Creating Pants on Fire Out of Truth

Sunday’s PolitiFact correctly rates as “true” RI Democrat Senator Sheldon Whitehouse’s statement that “the law… permits companies that close down American factories… to take a tax deduction for the costs associated with moving the jobs to China or India or wherever.” But in its headline, in its presentation, and in an expanded quotation from Whitehouse, the article restates the argument in such a way as to drift into “pants on fire” territory.
The headline in the print edition of the Providence Journal is “Businesses do get tax incentive for ‘offshoring.'” Reporter Eugene Emery rephrases the question as whether “the U.S. tax code actually offer[s] an incentive for firms to engage in such ‘offshoring.'” And an expanded quotation shows Whitehouse stating that “loopholes in the tax code… reward American companies for moving American jobs overseas.”
One needn’t enter the debate about whether and what the United States should do about the loss of jobs to lower-cost workers in other countries to note that the rephrasing of the question is significantly deceptive. As the initial quotation states, businesses can deduct “for the costs associated with moving,” but:

Robert E. Scott, senior international economist with the Economic Policy Institute, a liberal-leaning think tank that deals with issues of concern to low- and middle-income workers, confirmed that relocation expenses are deductible and that existing tax law makes no distinction between whether a company moves part of its operations to another state or to another country.

In other words, the code doesn’t create an incentive to move, it just doesn’t create a disincentive to do so. That’s a very different dynamic. Were the U.S. government actively encouraging companies to leave our shores, the public reaction would rightly be greater than if tax law merely allows the usual adjustment for revenue spent on business-related activities.
The incentive to offshore is actually that labor is much less expensive overseas, and that merits a different response than pursuing a species of protectionist policy. I’d suggest endeavoring to increase the rights and expectations of those foreign workers and encouraging Americans toward more profitable careers.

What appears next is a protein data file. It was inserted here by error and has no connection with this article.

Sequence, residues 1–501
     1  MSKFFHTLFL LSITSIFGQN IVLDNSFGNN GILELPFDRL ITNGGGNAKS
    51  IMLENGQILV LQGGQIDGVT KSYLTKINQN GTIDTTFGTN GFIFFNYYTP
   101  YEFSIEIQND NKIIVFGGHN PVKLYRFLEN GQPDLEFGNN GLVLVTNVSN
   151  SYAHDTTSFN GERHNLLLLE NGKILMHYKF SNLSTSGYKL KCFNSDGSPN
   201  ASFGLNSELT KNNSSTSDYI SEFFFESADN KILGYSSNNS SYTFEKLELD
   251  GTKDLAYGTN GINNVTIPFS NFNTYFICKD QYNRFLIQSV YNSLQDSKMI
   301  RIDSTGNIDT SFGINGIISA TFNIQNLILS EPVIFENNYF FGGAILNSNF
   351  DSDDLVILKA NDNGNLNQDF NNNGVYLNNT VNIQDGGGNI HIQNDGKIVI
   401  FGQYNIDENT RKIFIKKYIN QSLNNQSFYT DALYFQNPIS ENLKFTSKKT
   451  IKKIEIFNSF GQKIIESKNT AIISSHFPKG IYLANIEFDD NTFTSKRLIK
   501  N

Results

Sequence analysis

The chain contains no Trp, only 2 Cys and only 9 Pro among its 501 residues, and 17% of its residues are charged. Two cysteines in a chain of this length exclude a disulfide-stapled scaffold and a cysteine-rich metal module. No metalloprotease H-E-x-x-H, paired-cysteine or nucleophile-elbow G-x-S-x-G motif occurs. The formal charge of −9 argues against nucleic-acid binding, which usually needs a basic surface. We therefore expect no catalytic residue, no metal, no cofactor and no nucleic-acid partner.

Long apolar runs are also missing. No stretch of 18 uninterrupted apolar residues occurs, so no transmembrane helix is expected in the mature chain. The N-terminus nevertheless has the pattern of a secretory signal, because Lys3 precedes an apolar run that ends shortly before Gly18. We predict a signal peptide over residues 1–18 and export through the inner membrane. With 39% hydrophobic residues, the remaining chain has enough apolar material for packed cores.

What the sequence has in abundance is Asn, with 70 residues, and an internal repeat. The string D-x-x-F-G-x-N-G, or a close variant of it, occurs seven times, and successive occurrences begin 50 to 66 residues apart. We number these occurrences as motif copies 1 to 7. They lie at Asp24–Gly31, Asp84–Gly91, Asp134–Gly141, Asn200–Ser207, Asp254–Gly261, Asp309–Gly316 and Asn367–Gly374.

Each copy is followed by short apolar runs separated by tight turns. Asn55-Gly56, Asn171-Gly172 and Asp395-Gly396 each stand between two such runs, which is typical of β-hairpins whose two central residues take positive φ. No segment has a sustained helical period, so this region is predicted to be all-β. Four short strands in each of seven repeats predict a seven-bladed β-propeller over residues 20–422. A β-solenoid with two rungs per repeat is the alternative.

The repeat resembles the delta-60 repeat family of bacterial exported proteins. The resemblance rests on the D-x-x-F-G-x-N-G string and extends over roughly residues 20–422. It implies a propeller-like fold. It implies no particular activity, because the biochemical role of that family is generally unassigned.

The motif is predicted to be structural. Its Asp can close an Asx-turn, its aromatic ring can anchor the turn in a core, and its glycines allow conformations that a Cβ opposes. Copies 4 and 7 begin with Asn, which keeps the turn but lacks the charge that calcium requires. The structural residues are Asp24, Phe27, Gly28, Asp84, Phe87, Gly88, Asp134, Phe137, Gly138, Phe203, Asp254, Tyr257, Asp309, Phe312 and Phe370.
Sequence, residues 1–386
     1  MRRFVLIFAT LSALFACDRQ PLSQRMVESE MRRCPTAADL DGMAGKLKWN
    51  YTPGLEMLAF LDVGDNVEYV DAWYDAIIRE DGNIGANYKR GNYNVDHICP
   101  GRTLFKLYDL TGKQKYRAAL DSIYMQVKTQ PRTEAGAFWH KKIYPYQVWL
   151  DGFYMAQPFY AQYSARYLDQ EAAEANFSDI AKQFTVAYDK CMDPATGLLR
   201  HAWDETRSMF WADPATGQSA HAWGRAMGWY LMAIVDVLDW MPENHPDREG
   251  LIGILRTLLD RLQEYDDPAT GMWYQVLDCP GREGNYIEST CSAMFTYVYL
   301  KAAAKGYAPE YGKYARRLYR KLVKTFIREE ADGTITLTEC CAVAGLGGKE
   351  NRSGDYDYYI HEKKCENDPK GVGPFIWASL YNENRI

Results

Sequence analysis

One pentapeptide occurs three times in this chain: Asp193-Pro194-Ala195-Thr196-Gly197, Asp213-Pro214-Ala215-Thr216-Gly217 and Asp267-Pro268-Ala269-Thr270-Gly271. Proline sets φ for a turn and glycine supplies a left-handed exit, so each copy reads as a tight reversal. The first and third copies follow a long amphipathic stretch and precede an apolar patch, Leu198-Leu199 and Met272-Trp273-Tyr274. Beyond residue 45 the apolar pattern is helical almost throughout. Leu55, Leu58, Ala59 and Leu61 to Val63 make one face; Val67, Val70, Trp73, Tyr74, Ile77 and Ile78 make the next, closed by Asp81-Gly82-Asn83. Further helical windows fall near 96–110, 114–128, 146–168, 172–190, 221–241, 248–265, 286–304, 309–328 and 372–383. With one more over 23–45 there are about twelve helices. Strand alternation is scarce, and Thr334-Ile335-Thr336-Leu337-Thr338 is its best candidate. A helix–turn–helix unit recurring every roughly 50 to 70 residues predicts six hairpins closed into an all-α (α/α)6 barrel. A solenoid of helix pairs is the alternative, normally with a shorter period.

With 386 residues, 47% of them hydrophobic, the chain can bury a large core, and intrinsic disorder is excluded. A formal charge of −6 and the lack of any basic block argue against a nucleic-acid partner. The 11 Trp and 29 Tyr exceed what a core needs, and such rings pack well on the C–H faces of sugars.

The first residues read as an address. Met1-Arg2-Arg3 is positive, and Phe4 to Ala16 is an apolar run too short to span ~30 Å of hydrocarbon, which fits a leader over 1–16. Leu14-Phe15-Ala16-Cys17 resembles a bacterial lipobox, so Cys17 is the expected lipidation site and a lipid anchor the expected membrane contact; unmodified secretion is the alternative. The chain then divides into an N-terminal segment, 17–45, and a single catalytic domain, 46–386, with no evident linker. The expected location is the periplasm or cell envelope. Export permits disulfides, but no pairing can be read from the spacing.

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joe bernstein
joe bernstein
10 years ago

The Projo totally sucks.
If Sheldon took a dump on their conference table,they’d go looking for spoons.

BobN
BobN
10 years ago

There are additional incentives to offshore, some the perverse, unintended consequences of stupid legislation.
1. Tax on overseas earnings is deferred until the money is repatriated, then it is taxed at the full rate. So if a company generates positive cash flow from overseas operations and wants to grow, it must expand overseas because that’s more tax-efficient than bringing the money home to invest here.
2. The catch-22 of federal, state and local regulations can be a major hassle. Take for example the moratorium on offshore oil drilling in the Gulf of Mexico. A foreign subsidiary of an American oil company can drill somewhere else in the Gulf, while the American company can’t drill in US waters.

dood
dood
10 years ago

God forbid we engage in protectionism.
I know, let’s bring in more immigrants!
Let’s EXPAND affirmative action!
That way the new arrivals will get job preferences over native born Americans!
Stab your own people in the back!
It’s the new American way!
Who needs more native born American computer scientists?
What we really need are more white gangster rappers and H1B visa arrivals from India.

Russ
Russ
10 years ago

“In other words, the code doesn’t create an incentive to move, it just doesn’t create a disincentive to do so.”
We could argue semantics. I think you’re splitting hairs since you’re not a big Whitehouse fan. The fact remains, if the government did provide that tax break more jobs would remain in the U.S. because it would be cost effective to do so.

Russ
Russ
10 years ago

er, “if the government did NOT provide…”

joe bernstein
joe bernstein
10 years ago

Russ-you need a spoon?

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